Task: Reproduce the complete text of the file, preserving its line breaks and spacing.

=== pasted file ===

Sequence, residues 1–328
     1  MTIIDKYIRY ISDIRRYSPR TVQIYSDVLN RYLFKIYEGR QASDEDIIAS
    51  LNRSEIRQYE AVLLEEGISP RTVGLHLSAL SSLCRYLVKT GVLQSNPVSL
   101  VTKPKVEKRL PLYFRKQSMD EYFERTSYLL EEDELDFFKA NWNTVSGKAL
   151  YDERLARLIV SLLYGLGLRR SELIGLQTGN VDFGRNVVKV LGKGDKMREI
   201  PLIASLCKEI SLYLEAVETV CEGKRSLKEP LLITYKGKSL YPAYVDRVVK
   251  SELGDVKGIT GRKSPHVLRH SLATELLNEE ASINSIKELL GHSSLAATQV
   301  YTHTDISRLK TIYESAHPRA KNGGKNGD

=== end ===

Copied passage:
Sequence, residues 1–328
     1  MTIIDKYIRY ISDIRRYSPR TVQIYSDVLN RYLFKIYEGR QASDEDIIAS
    51  LNRSEIRQYE AVLLEEGISP RTVGLHLSAL SSLCRYLVKT GVLQSNPVSL
   101  VTKPKVEKRL PLYFRKQSMD EYFERTSYLL EEDELDFFKA NWNTVSGKAL
   151  YDERLARLIV SLLYGLGLRR SELIGLQTGN VDFGRNVVKV LGKGDKMREI
   201  PLIASLCKEI SLYLEAVETV CEGKRSLKEP LLITYKGKSL YPAYVDRVVK
   251  SELGDVKGIT GRKSPHVLRH SLATELLNEE ASINSIKELL GHSSLAATQV
   301  YTHTDISRLK TIYESAHPRA KNGGKNGD